The first to occur is the near-total eclipse of the sun. Coming May 21, 2012 it will be a near-total event in the Black Rock Desert less than 100 miles north of me. Yes, it's the same desert where the annual Burning Man festival occurs every Labor Day weekend. Even here in the big city, the eclipse should be pretty spectacular. Of course, DO NOT LOOK AT THE SUN if you are thinking of witnessing this spectacle yourself. Hie your eyes to a local university, community college or even a high school with an astronomy class to find if they are going to have their telescopes with appropriate filters fired up.
Even if you don't live in northern Nevada, you don't have be the target of a Carly Simon song and fly your Lear Jet to Nova Scotia to see it. And we can only hope your experience is better than that of Monty Python's too. Visit NASA's website to see how much eclipse you get in your area. Below is a screen shot showing the details at the best closest spot to me.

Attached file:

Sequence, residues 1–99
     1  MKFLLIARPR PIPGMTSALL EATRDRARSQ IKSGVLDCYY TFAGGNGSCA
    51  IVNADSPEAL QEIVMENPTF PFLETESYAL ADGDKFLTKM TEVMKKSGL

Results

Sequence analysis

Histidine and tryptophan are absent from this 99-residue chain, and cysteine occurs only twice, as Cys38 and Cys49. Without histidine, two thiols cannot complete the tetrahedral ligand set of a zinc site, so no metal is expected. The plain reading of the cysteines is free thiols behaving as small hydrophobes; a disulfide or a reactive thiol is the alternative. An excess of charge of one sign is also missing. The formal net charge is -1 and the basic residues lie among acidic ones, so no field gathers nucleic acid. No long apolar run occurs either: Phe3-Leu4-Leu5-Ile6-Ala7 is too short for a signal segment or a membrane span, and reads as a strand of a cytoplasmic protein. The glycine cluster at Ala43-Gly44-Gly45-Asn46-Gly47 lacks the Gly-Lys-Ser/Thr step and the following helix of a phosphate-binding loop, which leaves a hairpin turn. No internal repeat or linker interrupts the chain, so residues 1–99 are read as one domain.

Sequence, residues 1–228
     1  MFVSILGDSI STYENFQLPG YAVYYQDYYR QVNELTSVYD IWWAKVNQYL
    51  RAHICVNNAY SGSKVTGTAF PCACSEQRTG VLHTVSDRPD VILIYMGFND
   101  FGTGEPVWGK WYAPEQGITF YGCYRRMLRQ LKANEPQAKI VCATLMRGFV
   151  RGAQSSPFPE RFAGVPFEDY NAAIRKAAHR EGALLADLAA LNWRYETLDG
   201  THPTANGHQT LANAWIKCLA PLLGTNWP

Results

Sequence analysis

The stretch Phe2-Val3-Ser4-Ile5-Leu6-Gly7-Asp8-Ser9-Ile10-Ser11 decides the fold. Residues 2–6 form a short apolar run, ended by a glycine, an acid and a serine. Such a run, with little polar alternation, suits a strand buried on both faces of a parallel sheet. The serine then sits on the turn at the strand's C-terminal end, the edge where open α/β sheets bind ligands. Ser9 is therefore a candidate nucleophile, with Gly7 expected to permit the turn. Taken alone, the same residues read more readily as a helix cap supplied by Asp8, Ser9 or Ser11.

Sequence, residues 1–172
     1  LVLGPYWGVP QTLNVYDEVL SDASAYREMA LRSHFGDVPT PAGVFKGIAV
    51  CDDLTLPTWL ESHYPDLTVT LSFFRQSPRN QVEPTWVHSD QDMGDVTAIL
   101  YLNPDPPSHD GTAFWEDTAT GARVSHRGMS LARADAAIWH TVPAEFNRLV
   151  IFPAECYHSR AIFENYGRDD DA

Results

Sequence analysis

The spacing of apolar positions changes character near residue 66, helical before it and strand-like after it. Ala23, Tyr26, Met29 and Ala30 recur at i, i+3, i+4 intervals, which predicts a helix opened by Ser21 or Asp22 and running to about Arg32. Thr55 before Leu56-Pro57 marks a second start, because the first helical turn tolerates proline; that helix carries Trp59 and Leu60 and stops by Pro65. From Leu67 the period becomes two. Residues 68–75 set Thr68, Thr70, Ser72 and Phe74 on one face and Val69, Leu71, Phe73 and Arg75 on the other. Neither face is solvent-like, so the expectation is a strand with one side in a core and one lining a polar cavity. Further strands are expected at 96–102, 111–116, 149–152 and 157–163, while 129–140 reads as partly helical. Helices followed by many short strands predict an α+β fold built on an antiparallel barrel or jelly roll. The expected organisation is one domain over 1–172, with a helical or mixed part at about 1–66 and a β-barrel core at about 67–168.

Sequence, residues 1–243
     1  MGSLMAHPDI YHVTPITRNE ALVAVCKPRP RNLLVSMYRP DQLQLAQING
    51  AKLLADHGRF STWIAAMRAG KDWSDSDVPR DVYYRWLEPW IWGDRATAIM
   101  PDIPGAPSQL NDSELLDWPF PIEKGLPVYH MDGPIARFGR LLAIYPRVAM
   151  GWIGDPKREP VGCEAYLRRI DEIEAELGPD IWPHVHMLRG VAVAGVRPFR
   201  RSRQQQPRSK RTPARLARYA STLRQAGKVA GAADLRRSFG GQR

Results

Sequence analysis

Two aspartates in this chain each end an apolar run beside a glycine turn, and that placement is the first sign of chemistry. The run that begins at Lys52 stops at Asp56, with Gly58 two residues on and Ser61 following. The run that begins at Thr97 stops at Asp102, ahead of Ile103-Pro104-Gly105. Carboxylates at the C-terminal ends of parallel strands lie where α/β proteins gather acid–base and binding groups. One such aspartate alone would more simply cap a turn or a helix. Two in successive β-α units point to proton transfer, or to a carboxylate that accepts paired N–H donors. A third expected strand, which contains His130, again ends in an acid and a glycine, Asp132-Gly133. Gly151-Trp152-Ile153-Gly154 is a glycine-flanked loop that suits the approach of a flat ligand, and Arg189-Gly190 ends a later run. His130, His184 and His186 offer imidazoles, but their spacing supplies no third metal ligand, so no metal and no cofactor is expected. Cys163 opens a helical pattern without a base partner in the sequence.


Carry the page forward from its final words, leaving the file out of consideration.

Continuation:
Interestingly, a couple of hundred years ago, the transit was a way for astronomers to measure the size of the solar system. How? Observers from two disparate locations on Earth would see two distinct paths of Venus across the sun. Using the slight difference in the length of time it takes Venus to move from one edge of the sun to the other, they were able to calculate the distance from earth to the sun, and thus the size of our solar system. Once again, science and math charging to the rescue.
Again, DO NOT LOOK AT THE SUN - not even for just a second. I cannot stress this enough. You WILL damage your eyes, and I will take it as a personal affront, since you will no longer be able to easily read the pithy wisdom of my words.
For gobs more information on the transit, visit transitofvenus.org. Alas for my hordes of Brazilian, Argentinian, and Chilean readers, the transit will not be visible to you at all.